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Josef Albers was born March 19, 1888, in Bottrop, Germany. He learned various trades as a child but became an elementary school teacher in his native Bottrop, where he taught from 1908 to 1913. He also studied painting and printmaking and became an art teacher in 1913. He studied art in Essen, where he learned stained glass making, and Munich before enrolling himself at the Bauhaus in Weimar in 1920.
His most important creations from that time were in stained glass, though he also studied painting, furniture design and typography. His expertise with glass led him to join the faculty in 1922 and he began to teach a basic design course in 1923 at the behest of founder Walter Gropius, because of his background in handicrafts.
He became a professor in 1925 when the Bauhaus moved to Dessau, where he continued to work with glass and design furniture and where taught alongside established artists, Oskar Schlemmer, Wassily Kandinsky and Paul Klee, with whom he collaborated in glass workshops for many years.
When the Bauhaus closed under Nazi pressure in 1933, Albers moved to the United States. On the recommendation of architect Philip Johnson, then a curator at the Museum of Modern Art, he became head of the art department at the newly established and experimental Black Mountain College in North Carolina. In his time there, his students included Robert Rauschenberg, Cy Twombly, and Susan Weil.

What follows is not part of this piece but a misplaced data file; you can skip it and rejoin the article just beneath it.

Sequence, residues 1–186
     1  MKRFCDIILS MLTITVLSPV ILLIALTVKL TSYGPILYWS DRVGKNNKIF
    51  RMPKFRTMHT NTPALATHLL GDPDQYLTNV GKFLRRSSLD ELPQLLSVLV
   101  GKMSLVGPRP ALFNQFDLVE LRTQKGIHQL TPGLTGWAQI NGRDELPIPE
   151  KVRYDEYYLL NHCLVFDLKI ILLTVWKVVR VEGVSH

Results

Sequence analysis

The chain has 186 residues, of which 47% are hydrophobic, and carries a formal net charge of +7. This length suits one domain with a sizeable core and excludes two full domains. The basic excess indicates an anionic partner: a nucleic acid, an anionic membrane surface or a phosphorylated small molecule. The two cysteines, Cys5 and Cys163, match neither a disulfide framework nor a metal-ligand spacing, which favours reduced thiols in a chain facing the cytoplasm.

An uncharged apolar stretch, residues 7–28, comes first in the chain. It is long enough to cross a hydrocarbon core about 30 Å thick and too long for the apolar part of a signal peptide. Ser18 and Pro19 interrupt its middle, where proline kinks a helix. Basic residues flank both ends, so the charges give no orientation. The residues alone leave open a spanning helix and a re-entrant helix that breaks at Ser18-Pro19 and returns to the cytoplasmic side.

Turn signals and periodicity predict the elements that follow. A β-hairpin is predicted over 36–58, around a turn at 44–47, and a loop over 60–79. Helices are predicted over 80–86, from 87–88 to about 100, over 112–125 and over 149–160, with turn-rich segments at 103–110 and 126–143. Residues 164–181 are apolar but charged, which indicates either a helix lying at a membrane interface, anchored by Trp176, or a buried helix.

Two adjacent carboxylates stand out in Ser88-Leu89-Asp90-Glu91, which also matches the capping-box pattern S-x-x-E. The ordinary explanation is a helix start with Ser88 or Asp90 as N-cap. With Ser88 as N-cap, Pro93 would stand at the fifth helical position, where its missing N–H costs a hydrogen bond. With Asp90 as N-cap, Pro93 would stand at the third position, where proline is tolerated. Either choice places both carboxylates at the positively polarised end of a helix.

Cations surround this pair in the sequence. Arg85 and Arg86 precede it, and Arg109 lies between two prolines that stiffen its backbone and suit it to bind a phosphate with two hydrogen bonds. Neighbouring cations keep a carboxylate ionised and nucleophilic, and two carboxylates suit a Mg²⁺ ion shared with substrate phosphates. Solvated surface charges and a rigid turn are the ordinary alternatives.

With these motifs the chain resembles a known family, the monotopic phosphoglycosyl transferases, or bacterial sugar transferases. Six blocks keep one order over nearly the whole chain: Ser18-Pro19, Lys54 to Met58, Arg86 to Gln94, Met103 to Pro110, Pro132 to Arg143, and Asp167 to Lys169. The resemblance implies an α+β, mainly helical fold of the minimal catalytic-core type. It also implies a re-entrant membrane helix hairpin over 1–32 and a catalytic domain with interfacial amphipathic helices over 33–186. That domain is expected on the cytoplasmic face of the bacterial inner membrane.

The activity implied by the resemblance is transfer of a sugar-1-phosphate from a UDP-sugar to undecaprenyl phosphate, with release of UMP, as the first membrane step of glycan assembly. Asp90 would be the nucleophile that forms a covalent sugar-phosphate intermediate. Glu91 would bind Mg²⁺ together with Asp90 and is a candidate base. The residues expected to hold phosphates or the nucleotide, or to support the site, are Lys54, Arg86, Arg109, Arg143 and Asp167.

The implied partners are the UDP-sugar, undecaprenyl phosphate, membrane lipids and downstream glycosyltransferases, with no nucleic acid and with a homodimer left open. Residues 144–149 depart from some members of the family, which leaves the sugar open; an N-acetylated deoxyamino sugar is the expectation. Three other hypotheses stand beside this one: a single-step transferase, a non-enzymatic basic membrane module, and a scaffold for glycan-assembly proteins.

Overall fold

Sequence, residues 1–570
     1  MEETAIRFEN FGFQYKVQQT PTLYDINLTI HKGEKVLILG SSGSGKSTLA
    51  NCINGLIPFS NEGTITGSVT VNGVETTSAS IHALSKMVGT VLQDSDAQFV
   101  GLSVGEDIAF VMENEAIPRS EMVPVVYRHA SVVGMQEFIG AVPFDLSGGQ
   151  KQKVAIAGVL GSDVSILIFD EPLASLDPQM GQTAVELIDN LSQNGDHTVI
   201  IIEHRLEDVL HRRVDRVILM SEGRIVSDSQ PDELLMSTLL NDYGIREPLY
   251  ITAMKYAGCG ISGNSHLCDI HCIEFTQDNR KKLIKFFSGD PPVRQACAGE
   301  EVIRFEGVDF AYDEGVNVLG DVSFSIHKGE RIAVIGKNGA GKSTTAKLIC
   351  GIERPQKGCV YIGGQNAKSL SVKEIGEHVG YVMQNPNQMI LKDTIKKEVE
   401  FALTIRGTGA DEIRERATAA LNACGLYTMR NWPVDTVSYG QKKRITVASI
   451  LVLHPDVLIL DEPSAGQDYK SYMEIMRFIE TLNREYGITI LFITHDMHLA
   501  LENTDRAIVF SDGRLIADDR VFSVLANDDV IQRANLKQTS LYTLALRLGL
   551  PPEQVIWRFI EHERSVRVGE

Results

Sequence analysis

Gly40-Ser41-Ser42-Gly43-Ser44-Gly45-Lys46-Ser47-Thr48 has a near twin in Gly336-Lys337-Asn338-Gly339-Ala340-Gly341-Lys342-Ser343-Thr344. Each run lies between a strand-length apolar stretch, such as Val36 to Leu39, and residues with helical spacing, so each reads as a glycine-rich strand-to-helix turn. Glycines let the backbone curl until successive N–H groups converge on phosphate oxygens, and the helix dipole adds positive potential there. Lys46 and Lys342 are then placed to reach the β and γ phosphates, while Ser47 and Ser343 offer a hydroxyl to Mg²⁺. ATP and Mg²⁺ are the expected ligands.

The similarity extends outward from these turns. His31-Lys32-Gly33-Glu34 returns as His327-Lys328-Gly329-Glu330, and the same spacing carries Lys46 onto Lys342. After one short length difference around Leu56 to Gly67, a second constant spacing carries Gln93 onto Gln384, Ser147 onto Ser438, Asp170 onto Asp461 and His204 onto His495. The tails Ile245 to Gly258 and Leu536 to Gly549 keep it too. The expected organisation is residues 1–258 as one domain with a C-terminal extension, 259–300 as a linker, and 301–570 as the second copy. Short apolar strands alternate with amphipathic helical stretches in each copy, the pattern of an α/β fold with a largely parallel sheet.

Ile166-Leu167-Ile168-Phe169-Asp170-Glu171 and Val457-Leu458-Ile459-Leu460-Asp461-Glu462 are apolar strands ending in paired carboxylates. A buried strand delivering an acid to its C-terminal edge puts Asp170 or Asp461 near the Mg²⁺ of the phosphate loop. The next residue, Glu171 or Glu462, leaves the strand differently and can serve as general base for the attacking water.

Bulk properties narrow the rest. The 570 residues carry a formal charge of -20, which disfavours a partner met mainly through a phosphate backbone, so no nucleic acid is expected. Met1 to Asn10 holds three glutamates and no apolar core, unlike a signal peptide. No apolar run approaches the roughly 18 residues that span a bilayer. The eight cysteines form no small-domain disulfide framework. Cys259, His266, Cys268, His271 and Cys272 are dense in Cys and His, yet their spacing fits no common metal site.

In 1936, he was given his first solo show at J. B. Neumann’s New Art Circle in New York for his work in photography and photographic collages. He became a US citizen in 1939.
He remained head of the painting department at Black Mountain College throughout his tenure which ended in 1949. That same year, he began his iconic Homage to a Square series which explored chromatic interactions with nested squares which were usually painted on Masonite. Albers used a palette knife with oil paints and often recorded the colours he used on the back of his works. He continued the series, creating hundreds of works, for the rest of his life.
In 1950, he became the head of the design department at Yale University. He continued to teach and lecture at various colleges and universities until he retired from teaching in 1958.
A major Albers exhibition, organized by the Museum of Modern Art, New York, travelled to South America, Mexico, and through the United States from 1965 to 1967. His Homage to a Square series has been exhibited worldwide and formed the basis of the first solo exhibition given to a living artist at the Metropolitan Museum of Art, New York, in 1971. He became a Fellow of the American Academy of Arts and Sciences in 1973.
In addition to painting, printmaking, photography, murals and architectural commissions, Albers published poetry, articles, and books on art. As a theoretician and teacher, he was an important influence on generations of young artists.
He continued to paint and write, in New Haven with his wife, artist Anni Albers, until his death in 1976.